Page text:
From Branson it was on to Chicago and then Cleveland, where I still had an hour-long drive to Sandusky. Because my flight to Cleveland was delayed, I was already tired and didn't get to Sandusky until close to midnight, I knew that there was no way I'd be able to make it to Cedar Point by 7am when Coaster Mania was scheduled to commence. I had booked a room at the Rodeway Inn a couple of miles down the road from Cedar Point for reasons of economy. An overnight stay cost me $61.32 and I got exactly what I paid for – or I should say, what I didn't pay for. This place is strictly no frills. There is no computer access and no breakfast room; the most a guest can get for breakfast is insipid muffins or lethal-looking doughnuts and a cup of coffee with powdered creamer, to be picked up at the registration desk. Much to my surprise at check-in, I discovered that most of the other guests were bikers. Yikes! As luck would have it, Coaster Mania was held contemporaneously with Ohio Bike Week. I felt somewhat apprehensive, as my image of bikers is Hell's Angels, but the desk clerk assured me that this was a fairly mellow group and that did prove to be an accurate assessment. However, it was still weird going to sleep surrounded by motorcycles. In any case, the room was clean and well furnished, the price was right and I would stay there again if I couldn't find a better rate at another facility. Except for the breakfast, the Rodeway Inn was a distinct improvement over Howard Johnson, where I had stayed on my two previous visits to Cedar Point. (At HoJo's, a plumber had to be called on the first visit and my room had to be changed on the second visit because the lights were burned out and the desk clerk couldn't find any more light bulbs, and I had to move furniture from the first room to the second because some furniture was missing from the room with the working lights.)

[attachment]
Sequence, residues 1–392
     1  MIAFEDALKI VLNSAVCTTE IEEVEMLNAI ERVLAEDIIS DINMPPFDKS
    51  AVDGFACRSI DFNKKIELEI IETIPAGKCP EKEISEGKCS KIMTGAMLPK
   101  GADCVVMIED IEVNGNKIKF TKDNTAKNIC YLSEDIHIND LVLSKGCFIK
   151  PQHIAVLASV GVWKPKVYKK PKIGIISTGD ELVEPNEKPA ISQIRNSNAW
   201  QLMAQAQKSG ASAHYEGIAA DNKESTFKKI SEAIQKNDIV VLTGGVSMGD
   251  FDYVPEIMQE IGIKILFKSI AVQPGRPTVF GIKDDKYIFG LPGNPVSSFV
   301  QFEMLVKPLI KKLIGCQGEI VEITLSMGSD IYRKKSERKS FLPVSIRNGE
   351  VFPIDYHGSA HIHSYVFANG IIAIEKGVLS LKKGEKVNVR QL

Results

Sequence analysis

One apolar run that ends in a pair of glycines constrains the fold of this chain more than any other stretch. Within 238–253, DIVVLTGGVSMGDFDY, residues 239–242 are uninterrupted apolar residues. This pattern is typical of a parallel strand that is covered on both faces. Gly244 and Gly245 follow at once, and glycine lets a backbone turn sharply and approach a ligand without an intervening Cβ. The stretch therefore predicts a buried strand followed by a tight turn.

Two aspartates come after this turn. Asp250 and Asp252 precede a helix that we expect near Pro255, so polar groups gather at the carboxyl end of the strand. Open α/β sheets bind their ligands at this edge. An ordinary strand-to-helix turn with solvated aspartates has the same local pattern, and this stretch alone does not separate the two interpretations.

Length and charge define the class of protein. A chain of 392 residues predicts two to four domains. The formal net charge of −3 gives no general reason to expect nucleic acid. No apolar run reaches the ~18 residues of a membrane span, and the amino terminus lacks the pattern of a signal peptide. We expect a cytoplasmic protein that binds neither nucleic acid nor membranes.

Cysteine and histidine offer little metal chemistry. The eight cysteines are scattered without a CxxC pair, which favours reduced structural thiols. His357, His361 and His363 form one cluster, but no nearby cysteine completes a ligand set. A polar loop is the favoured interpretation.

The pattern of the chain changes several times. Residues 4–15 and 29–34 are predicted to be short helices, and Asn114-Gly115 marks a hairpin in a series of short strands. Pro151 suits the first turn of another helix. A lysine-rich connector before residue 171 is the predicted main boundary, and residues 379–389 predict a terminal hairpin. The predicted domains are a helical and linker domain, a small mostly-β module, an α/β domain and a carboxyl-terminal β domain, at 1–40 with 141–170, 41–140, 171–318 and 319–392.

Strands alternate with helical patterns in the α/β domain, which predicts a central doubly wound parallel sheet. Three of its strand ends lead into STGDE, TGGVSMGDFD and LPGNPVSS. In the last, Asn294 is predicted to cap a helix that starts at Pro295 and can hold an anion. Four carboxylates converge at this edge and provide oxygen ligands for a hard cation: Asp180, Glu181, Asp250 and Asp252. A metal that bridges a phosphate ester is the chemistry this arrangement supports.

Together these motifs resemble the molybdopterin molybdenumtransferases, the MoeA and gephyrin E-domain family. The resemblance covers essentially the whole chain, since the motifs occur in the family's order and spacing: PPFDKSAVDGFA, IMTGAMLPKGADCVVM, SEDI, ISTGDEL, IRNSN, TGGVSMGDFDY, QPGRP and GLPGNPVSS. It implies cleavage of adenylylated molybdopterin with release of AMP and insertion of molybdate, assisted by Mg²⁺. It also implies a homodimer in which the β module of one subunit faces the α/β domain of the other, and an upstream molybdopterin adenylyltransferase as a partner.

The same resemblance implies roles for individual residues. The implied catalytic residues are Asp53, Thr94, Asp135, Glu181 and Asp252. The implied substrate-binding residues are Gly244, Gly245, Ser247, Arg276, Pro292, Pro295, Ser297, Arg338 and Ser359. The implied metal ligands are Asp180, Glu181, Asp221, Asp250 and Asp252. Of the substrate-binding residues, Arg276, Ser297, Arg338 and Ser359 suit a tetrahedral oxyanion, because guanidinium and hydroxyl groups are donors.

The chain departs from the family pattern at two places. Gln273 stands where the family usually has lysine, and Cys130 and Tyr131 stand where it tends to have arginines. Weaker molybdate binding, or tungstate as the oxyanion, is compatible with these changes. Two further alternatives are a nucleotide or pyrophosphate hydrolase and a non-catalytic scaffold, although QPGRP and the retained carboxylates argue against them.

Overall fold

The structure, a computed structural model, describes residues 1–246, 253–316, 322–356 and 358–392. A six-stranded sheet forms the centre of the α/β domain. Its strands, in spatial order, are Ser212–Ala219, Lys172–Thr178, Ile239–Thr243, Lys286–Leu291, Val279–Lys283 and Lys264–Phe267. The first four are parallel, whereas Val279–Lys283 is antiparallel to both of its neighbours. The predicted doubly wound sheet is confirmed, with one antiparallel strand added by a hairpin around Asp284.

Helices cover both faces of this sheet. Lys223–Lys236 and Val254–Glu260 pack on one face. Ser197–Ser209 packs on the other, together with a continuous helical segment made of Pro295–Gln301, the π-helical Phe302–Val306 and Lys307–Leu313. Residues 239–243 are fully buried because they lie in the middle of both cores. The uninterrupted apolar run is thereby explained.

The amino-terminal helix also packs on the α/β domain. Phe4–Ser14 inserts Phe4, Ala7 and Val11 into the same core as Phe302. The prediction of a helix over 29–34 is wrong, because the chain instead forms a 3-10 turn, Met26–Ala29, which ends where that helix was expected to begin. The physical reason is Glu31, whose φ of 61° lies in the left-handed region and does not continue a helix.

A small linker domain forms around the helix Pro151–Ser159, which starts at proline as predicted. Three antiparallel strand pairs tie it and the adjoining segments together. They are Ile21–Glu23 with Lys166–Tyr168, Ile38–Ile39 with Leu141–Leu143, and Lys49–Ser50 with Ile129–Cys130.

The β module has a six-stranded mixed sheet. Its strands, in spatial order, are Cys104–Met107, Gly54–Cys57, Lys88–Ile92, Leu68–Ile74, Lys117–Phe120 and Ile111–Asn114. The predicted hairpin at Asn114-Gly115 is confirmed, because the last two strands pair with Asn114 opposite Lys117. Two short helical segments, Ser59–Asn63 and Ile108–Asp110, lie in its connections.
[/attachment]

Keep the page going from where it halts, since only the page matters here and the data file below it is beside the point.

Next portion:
Whereas it had been warm in Missouri, it was cold in Ohio. The next morning I set out for Cedar Point shortly before 9am; by the time I parked, registered for Coaster Mania and got my meal pass, etc. it was probably about 9:20. It cost $38.46 to get in, as opposed to the $44.99 for online tickets for the general public, so that was another bargain. Attendees of Coaster Mania were entitled to ERT on the park's newest attraction, Gatekeeper, from 9 to 10am, so I expected to be able to get right on. Unfortunately, this was not possible. I had to wait approximately 40 minutes to get on, which meant that I probably wouldn't be able to beat the general public that would show up when the park opened at 10 to my favorite ride. (I later learned that more than 1,500 members of accredited roller coaster clubs had shown up for Coaster Mania.) In any case, I thought that Gatekeeper was wonderful and superior to Dollywood's Wild Eagle, with which comparisons are almost inevitable due to the similarity in design.